In 2017, a nearly 20-year-old DNA kit was finally tested for a 1997 rape. James Clay was arrested, tried and convicted of the crime and sentenced to 25-50 years in prison. But Detroit Free Press journalist Elisha Anderson’s reporting on the conviction, including interviews with the victim’s family and the victim – who no longer believed Clay was the perpetrator – revealed that there may have been some mistakes made and Clay might not be the guilty party. Following the Free Press’s reporting, Clay’s case was re-opened and he was eventually exonerated and freed.
Of the story, Mark J. Rochester, senior news director for investigations for the Free Press, wrote in his News Impact Project submission, “A tip from a source indicated that a family was getting frustrated trying to get [the] case of James Clay reviewed after his 2017 conviction. Diligent reporting by Anderson secured police case files, court records and other documents that raised questions about the handling of the case.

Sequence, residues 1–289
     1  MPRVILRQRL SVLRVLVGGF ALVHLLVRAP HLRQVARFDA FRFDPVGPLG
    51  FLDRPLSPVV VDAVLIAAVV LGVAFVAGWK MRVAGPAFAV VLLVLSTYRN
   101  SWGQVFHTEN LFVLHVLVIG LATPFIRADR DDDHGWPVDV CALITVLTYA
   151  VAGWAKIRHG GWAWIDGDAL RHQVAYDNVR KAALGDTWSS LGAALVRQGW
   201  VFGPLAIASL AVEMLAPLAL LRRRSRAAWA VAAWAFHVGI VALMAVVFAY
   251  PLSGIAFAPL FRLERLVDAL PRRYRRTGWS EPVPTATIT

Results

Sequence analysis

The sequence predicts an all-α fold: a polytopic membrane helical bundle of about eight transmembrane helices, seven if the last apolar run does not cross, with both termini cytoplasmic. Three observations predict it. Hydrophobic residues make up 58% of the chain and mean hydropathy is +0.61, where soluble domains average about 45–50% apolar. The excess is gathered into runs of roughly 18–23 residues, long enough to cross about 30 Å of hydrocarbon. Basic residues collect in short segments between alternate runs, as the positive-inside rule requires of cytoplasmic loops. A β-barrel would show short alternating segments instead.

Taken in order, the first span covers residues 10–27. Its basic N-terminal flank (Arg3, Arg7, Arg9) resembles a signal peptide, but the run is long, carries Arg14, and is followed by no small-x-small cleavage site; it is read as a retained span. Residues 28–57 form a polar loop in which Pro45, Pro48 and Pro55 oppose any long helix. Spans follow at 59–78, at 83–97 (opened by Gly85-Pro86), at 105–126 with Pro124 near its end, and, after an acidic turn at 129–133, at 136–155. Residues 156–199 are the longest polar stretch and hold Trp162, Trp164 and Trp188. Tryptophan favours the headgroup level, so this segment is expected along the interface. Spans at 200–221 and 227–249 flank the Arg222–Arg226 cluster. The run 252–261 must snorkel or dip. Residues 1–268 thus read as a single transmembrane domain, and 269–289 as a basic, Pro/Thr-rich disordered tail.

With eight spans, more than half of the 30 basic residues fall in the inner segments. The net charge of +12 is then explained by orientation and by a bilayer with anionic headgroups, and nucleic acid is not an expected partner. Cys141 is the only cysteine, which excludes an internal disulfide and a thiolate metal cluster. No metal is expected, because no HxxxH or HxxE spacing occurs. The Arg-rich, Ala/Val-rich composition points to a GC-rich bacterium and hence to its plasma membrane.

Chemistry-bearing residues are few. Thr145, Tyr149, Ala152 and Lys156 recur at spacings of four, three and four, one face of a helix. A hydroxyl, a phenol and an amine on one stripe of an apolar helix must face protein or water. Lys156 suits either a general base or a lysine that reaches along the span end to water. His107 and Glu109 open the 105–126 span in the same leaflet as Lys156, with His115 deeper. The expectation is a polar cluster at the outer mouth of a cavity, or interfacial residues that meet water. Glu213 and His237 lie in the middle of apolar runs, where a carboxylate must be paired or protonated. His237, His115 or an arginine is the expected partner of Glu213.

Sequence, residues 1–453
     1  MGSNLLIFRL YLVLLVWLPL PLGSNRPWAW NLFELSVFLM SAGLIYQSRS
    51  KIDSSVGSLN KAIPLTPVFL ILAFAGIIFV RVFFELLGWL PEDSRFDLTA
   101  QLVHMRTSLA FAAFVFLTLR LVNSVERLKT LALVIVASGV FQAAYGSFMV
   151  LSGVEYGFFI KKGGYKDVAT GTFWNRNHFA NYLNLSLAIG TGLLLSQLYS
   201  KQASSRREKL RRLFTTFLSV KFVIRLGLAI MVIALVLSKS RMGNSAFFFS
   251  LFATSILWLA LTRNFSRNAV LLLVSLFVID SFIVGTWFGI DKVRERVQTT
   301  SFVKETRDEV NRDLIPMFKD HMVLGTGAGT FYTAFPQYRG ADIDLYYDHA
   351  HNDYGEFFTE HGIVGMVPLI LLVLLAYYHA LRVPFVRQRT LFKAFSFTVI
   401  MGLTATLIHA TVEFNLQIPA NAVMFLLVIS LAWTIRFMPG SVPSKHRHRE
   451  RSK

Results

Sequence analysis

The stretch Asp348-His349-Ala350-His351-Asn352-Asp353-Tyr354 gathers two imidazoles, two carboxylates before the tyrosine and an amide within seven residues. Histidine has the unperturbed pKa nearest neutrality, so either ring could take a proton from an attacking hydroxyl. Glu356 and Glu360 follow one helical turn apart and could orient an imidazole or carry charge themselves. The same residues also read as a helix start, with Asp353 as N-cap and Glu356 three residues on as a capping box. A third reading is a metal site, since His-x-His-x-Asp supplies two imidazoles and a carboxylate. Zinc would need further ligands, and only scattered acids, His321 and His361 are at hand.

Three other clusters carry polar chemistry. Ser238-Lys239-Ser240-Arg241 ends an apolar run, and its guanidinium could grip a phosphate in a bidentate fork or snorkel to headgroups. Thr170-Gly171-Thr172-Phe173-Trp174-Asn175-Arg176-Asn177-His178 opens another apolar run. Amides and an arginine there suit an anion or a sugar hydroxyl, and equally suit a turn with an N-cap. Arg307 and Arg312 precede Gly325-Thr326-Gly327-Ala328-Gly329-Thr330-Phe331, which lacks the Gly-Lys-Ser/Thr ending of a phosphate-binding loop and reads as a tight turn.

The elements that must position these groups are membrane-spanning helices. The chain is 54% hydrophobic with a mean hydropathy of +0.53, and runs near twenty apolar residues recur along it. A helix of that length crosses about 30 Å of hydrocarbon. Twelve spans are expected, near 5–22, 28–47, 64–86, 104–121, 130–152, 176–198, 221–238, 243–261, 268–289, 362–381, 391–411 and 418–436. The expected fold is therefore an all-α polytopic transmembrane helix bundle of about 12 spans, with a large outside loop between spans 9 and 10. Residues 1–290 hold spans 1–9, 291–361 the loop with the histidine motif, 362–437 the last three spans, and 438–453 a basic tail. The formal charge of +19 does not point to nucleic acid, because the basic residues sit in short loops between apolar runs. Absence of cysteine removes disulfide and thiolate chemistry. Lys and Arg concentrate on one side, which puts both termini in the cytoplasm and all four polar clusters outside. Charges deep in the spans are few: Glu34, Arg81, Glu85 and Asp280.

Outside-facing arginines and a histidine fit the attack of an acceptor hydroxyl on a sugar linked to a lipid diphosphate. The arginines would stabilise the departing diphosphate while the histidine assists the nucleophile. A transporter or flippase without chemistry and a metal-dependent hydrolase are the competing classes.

“Anderson took her interviews and investigative findings to prosecutors, and days after publication, they went to court and got Clay released while they [conducted] a new investigation,” Rochester added. Less than a month later, all charges against [Clay] were dropped.”
Local coverage in Detroit and the surrounding areas, and across Michigan, has been intense, as well as coverage by national outlets. The Washington Post, the Associated Press, CBS News and other national outlets reported out matching stories when Clay was first released, citing heavily the Free Press reporting.
Had it not been for Anderson’s impressive investigative reporting, a wrongfully convicted man might still be in jail. Local journalists are intimately familiar with the events happening in their communities, helping to ensure community members’ rights are protected and preserved.
You can read the Detroit Free Press story, “Detroit rape victim: Wrong man may be in prison for my assault,” here.
Jennifer Peters is former content manager of the News Media Alliance.